Niederreiter, 30 in September, may be the most affordable player on this list. The 2010 5th overall pick put up 44 points (20 goals and 24 assists) in 75 games this season, while averaging 14:20 a night playing on line three for the Metropolitan Division-winning Carolina Hurricanes.
Niederreiter has a knack for getting into the high danger scoring areas and putting pucks on net. According to the data on Moneypuck, his 34 high danger chances put him in the top-30 among NHL forwards, ahead of many of the leagues best players. His in close, net-front oriented play has resulted in 20+ goals for him in 6 of his 10 NHL seasons.
Niederreiter’s offensive prowess combined with his defensive zone awareness resulted in a 67.3% on ice goals, putting him 20th among forwards with 250+ minutes of ice time. Meaning that a little over 2/3 of the goals scored while he was on the ice was by his team, which has been consistent through most of his career.
However, Niederreiter’s offensive play typically falls off come playoff time. In his previous five postseason campaigns he only produced eight points in 39 games. Things have picked up for him this postseason, tallying four goals and one assist through 12 games. He is a very offensive-minded player, with a wicked shot and the tendency to use it, however, it does come at a defensive cost, as he had 30 more giveaways than takeaways.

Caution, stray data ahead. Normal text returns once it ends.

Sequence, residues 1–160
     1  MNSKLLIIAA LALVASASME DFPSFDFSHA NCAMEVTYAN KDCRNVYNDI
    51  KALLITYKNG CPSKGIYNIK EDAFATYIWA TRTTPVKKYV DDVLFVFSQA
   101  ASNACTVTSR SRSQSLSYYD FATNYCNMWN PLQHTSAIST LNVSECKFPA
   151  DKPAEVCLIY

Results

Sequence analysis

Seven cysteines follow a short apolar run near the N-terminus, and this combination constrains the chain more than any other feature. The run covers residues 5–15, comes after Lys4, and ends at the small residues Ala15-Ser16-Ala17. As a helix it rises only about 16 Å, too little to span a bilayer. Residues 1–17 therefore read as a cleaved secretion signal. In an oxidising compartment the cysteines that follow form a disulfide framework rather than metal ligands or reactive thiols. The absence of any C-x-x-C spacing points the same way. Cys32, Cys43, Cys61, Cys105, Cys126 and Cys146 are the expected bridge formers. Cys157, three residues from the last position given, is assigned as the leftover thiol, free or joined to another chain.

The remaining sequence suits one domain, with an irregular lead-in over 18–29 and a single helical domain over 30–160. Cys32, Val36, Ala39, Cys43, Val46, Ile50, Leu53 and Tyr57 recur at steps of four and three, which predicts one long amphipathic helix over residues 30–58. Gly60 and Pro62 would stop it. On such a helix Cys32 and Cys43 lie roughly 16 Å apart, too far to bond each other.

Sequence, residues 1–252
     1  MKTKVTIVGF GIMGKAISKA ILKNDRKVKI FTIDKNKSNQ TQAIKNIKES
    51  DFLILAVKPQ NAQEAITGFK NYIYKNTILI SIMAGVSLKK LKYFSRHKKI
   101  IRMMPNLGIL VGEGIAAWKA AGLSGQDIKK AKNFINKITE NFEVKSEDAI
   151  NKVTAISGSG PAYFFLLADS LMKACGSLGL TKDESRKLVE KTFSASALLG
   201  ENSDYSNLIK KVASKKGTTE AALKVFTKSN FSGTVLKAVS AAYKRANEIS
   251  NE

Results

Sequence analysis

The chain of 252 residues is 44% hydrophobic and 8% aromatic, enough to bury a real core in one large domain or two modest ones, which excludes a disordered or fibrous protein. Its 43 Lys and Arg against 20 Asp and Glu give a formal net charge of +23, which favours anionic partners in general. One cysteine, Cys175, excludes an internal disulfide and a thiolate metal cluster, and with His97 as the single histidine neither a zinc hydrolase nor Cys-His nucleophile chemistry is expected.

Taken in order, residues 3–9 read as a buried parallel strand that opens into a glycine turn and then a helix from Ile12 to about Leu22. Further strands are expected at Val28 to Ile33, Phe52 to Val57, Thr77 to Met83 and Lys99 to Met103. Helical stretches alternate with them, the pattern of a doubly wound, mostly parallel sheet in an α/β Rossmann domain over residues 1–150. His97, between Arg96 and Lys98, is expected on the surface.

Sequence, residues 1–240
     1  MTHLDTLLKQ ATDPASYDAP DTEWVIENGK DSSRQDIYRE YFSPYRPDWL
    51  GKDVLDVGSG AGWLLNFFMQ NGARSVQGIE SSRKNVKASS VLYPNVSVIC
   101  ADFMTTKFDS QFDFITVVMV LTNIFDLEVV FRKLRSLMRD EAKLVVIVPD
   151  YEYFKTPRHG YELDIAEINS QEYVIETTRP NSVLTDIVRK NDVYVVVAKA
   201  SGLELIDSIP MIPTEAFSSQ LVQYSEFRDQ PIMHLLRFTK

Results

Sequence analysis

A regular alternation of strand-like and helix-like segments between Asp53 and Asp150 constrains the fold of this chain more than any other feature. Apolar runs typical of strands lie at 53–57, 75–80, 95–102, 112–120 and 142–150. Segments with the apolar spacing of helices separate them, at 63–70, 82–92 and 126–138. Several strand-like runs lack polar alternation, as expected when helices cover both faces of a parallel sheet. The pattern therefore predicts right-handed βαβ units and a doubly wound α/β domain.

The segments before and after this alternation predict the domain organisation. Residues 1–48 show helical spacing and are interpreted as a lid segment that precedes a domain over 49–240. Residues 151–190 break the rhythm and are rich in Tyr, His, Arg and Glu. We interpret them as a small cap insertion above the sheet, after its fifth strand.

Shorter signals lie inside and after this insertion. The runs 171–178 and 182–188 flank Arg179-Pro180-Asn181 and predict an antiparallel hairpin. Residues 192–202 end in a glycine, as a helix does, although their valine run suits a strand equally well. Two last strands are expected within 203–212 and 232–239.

Niederreiter is coming off a five-year contract that saw him making $5.25 million per season.
Realistically, he will get a contract with a cap hit in the $4 million range for a three or four year deal. A dynamic net front presence who also has a sniper mentality is hard to come by in the NHL, so I wouldn’t be surprised if he has a plethora of suitors drawing the asking price from his camp even higher.